Ingredient Spotlight: Benfotiamine

April 12, 2012

For decades, European doctors have prescribed diabetic patients benfotiamine to treat neuropathies and to help prevent complications such as blindness, kidney failure, heart attack, and limb amputation.

Thiamine is a water-soluble vitamin required for numerous biochemical reactions in the body. Allithiamines are a group of fat-soluble thiamine derivatives, so-called because they are abundant in the Allium family of vegetables (e.g., onions, garlic, and shallots). Benfotiamine is the most effective and safe of all allithiamine compounds. It is a fat-soluble, bioavailable form of thiamine whose unique chemical structure allows it to more readily pass through the cell membrane.(1,2) Oral administration of benfotiamine has been shown to increase plasma concentrations of thiamine to levels five times greater than achieved with an equivalent dose of thiamine.(3)

Benfotiamine blocks destructive biochemical pathways that enable high blood sugar levels to damage nerves and small blood vessels and has been used to successfully treat complications associated with diabetes. For decades, European doctors have prescribed diabetic patients benfotiamine to treat neuropathies and to help prevent complications such as blindness, kidney failure, heart attack, and limb amputation.

Benfotiamine also inhibits the formation of advanced glycation end products (AGEs) in both diabetic and normal aging organisms. Glycation, also known as glycosylation, is a process whereby glucose is bonded to proteins and lipids that comprise various tissues/organs causing cellular damage, oftentimes irreversible. Studies show that prolonged healthy tissue exposure to elevated glucose levels results in the production of AGEs. AGEs are well known for their destructive activities in diabetes, where they contribute to vascular disease, kidney failure, eye damage, and other kinds of dysfunction, including the nerve damage known as diabetic peripheral neuropathy.(8-11) In patients with this kind of neuropathy, AGEs directly damage vital components of nerve cells, insidiously reducing their ability to conduct warning sensations such as pain and pressure.

Let’s explore some significant benefits of benfotiamine for diabetes-related conditions.
 

Mechanism of Action

Benfotiamine has shown to impact glucose metabolism through various mechanisms.

It helps to reduce the excess biosynthesis and accumulation of a variety of glucose metabolites, including glyceraldeyde-3-phosphate and dihydroxyacetone phosphate. Increased concentrations of these glucose intermediates serve as a trigger to many of the mechanisms responsible for hyperglycemia-induced cell damage.(4) Benfotiamine increases tissue levels of thiamine diphosphate, in turn increasing transketolase activity and resulting in a significant reduction in glucose metabolites and precursors to AGEs.(5)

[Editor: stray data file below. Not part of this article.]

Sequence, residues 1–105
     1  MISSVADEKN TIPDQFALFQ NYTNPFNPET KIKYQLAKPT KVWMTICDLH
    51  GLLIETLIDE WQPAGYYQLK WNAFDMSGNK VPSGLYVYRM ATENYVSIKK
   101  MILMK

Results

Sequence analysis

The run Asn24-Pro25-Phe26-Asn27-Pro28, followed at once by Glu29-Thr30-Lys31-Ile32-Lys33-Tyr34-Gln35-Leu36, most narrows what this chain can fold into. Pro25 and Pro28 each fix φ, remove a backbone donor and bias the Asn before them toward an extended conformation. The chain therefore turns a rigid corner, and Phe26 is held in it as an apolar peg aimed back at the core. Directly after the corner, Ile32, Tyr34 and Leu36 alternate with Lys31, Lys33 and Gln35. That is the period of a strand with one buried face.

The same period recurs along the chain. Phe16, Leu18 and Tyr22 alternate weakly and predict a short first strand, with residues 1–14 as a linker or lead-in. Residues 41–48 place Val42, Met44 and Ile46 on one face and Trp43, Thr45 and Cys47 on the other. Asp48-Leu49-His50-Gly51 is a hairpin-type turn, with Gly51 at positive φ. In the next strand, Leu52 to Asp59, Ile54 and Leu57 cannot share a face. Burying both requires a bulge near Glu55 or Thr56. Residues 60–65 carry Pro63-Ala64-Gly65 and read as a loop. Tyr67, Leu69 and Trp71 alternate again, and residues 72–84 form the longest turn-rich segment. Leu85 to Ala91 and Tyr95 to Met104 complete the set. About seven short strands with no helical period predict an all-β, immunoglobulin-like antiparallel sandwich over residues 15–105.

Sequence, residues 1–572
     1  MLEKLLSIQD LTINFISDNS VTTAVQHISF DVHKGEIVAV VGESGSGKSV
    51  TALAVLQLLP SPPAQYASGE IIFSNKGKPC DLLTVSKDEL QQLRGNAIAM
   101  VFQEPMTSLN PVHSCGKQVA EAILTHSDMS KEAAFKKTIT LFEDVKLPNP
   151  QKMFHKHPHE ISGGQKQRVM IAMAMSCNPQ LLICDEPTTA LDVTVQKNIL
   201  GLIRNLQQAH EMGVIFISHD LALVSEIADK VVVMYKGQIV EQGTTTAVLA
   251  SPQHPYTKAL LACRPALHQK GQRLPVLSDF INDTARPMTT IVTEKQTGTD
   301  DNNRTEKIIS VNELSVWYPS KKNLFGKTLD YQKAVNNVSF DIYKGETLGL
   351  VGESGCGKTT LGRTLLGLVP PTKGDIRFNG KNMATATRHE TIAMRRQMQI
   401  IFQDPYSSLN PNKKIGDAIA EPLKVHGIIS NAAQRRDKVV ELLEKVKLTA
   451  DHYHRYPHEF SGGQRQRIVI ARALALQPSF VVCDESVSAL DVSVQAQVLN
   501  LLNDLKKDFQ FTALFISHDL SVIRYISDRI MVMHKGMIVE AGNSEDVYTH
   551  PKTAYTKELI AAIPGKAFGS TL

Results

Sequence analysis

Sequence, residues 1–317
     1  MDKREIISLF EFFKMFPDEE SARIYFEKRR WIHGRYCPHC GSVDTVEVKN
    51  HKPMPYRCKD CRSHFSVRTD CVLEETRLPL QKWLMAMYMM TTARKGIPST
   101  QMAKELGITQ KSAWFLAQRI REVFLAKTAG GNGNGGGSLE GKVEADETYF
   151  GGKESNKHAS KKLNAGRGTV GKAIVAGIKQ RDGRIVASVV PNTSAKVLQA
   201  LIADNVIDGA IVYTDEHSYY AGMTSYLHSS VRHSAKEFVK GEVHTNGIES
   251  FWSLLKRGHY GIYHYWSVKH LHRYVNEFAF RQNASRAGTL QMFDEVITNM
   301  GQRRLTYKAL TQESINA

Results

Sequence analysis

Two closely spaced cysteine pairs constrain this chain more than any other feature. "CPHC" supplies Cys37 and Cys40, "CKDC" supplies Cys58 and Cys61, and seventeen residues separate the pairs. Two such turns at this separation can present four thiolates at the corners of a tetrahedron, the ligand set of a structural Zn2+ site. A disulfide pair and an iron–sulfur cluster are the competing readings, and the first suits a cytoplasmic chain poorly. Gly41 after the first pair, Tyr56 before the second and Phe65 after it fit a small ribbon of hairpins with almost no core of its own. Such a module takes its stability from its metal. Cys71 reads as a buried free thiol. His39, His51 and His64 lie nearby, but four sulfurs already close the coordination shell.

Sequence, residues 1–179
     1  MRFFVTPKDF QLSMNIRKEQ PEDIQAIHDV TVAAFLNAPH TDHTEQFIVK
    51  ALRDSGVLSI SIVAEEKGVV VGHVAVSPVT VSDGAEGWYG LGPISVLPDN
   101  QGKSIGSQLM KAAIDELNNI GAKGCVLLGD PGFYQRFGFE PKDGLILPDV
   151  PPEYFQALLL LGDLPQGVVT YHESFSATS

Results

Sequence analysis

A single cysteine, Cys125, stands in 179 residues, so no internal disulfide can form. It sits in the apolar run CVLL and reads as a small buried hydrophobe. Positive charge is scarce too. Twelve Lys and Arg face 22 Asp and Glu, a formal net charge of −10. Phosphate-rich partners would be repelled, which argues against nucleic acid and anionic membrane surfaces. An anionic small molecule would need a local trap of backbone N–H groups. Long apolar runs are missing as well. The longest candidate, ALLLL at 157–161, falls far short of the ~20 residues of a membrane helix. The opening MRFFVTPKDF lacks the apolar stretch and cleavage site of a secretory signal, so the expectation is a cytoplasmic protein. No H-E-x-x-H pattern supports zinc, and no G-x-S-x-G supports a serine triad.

Benfotiamine also helps reduce the activity of aldose reductase, which in turn helps limit tissue accumulation of sorbitol and glucose, helping to reduce endothelial cell damage.(6)

In addition, benfotiamine has been shown to reduce NF-kB activity, thereby limiting the overproduction of the damaging superoxide free radical. Excess superoxide production may partially inhibit a key enzyme in glucose metabolism, glyceraldehyde-3-phosphate dehydrogenase, diverting glucose metabolites from glycolysis into the major glucose-driven signaling pathways that lead to hyperglycemic damage.(7)
 

Research

Benfotiamine has been shown to improve pain associated with diabetic peripheral neuropathy (DPN) and to improve nerve conduction velocity in conjunction with vitamins B6 and B12.(12-14)

Stracke H et al. performed a double-blind, placebo-controlled, phase III study in which 165 patients with symmetrical, distal DPN were randomized to one of three treatment groups: benfotiamine 600 mg/day (n=47 [intent-to-treat]/43 [per protocol]), benfotiamine 300 mg/day (n=45/42), or placebo (n=41/39). After six weeks of treatment, the primary outcome parameter Neuropathy Symptom Score differed significantly between the treatment groups in the per-protocol population, with the treatment group showing improved results. In the Total Symptom Score (TSS), best results were obtained for the symptom “pain.”(15)

Diabetic retinopathy is a major cause of blindness, and its prevalence is growing worldwide. Administering high-dose benfotiamine prevented the development of retinopathy by halting AGEs formation.(16) Benfotiamine helps decrease retinal capillary changes, and high-dose benfotiamine therapy increases the activity of transketolase in the retina, helping to prevent the development of retinopathy. Also, benfotiamine was shown to block three major pathways of hyperglycemic damage, including AGEs, protein kinase C (PKC), and hexosamine pathways, to prevent the progression of diabetic retinopathy.(17)